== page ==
Illustration photo – American singer Beyoncé in a picture from 2021.
Stockholm – Did you think that the war in Ukraine or disruptions in the supply chain were responsible for the rise in prices? You probably don't know Beyoncé, BBC News wrote. The start of her tour in Sweden last month created such a demand for hotels and restaurants that it reflected in the country's economic statistics. May inflation of 9.7 percent was higher than forecast, and according to Danske Bank analyst Michael Grahn, the American pop superstar is partly to blame.
“I wouldn't blame Beyoncé for the high inflation, but her performance and worldwide demand for her concert in Sweden probably contributed a bit,” Grahn told the BBC in an email.
According to the BBC, there is no doubt that the singer's first solo tour in seven years is a big economic moment. At least one estimate states that it could earn almost two billion pounds (over CZK 50 billion) by the end of September, when the last concert is scheduled.
According to Airbnb, after the tour was announced, searches for accommodation in cities where there are concert stops. Many tickets sold out within days and their prices soared on the resale market.
60,000 people gathered in Cardiff, England, including fans from Lebanon, the United States and Australia. Demand for hotel rooms in London was so strong that in one case, according to the BBC, homeless people who had previously been housed by city hall were evicted from hotels.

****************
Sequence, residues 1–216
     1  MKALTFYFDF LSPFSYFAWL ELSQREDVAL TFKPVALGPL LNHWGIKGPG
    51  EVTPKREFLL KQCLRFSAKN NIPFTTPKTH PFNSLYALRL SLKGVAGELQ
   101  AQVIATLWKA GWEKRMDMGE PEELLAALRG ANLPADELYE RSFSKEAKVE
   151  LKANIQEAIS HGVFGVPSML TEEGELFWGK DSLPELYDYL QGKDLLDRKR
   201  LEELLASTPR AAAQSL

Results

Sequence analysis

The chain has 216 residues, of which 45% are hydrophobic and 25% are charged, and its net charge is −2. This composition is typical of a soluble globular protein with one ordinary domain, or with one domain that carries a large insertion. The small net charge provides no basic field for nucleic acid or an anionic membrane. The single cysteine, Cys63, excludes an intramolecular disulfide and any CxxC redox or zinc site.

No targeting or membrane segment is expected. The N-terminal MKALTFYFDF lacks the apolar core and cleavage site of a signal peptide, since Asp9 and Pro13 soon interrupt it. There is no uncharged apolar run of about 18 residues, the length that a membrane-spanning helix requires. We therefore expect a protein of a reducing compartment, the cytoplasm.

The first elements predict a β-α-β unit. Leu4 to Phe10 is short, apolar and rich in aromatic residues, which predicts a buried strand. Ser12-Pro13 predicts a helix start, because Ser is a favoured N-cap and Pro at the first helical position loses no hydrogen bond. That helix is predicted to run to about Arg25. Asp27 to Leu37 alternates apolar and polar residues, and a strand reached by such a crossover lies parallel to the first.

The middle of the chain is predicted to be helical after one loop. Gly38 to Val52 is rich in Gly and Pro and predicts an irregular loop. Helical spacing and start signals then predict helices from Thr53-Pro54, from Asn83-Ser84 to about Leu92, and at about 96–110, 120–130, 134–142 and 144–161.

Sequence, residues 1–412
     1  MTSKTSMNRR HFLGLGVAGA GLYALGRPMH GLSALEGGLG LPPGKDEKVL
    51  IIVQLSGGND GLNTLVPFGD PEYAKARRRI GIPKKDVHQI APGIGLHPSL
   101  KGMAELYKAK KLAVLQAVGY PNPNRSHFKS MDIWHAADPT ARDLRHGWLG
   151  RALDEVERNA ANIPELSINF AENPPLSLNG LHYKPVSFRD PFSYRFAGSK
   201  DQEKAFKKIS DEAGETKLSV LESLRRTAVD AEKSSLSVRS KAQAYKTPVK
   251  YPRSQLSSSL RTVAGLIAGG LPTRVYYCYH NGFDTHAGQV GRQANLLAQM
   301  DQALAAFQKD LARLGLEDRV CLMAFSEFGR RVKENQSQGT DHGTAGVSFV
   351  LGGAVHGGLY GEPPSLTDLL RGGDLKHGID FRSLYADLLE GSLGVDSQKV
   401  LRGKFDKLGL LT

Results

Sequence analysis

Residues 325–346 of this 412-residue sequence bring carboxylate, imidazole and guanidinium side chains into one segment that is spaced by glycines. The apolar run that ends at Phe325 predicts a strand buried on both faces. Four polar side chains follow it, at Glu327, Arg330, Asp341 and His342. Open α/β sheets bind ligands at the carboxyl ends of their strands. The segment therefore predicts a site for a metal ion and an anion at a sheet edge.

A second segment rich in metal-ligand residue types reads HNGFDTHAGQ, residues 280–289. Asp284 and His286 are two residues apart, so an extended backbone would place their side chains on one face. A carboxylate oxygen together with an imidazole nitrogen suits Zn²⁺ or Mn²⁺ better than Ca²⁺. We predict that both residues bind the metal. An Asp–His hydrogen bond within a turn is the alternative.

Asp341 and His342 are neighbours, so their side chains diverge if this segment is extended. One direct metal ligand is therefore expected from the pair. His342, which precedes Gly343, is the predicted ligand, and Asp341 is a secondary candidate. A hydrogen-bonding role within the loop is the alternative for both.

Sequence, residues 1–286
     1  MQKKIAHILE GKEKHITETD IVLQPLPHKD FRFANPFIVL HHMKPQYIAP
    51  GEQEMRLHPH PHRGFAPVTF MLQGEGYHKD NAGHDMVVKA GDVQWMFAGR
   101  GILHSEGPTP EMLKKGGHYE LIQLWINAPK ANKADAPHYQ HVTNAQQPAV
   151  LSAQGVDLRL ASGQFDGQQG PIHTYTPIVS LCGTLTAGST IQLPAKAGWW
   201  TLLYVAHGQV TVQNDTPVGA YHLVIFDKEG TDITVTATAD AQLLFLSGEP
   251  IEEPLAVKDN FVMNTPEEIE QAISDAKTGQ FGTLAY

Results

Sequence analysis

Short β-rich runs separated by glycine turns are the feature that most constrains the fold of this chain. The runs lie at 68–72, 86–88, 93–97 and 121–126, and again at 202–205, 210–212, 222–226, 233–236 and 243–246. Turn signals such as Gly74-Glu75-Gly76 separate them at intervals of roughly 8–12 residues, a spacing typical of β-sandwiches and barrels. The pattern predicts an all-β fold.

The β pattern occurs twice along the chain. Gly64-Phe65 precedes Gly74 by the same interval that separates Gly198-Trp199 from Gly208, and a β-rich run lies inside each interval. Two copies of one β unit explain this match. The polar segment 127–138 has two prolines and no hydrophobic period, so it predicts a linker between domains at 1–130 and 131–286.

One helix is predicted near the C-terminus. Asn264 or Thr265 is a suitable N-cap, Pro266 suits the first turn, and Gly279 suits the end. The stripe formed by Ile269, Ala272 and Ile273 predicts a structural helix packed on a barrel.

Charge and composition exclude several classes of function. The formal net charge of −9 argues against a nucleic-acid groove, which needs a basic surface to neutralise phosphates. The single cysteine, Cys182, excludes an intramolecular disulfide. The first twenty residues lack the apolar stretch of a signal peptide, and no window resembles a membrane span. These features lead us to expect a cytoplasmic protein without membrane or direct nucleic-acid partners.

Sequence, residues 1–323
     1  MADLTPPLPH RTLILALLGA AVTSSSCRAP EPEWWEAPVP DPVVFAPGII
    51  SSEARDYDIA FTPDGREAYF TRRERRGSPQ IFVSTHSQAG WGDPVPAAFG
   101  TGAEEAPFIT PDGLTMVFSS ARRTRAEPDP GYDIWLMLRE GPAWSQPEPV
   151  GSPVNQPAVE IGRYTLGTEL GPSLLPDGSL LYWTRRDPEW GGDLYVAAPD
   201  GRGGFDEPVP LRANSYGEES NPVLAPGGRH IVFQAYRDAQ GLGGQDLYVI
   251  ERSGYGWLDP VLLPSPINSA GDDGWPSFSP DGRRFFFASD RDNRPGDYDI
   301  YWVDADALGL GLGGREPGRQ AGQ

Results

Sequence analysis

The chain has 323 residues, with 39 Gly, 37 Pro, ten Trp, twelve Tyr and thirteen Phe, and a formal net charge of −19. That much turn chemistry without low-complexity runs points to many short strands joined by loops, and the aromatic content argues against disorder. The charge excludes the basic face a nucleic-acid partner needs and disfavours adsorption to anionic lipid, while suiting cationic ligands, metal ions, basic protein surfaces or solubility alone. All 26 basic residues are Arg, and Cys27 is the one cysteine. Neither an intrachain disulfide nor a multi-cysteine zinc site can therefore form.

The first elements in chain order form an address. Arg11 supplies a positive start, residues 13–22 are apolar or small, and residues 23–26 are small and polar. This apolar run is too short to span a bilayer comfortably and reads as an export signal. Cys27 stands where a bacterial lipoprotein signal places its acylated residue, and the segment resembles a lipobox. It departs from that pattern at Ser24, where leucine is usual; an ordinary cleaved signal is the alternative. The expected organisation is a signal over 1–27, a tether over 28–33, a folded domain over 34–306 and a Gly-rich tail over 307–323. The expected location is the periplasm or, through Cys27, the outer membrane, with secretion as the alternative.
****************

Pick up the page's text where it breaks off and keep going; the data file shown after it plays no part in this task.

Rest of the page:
At concerts in Stockholm, where Beyoncé performed in front of 46,000 spectators, according to the BBC, fans from all over the world gathered. Among them were mostly people from the United States, where a strong dollar against the Swedish krone made tickets in the Nordic country seem relatively cheap.
In an email to The Washington Post last month, she described the Visit Stockholm agency described the boom in tourism in the city as the “Beyoncé effect”.
Inflation in Sweden peaked at 12.3 percent in December, 10.5 percent in April and 9.7 percent in May.
For one star to have such an impact “is very rare”, Grahn told the BBC, adding that major football tournaments can have a similar effect. He added that he expects trends to return to normal in June.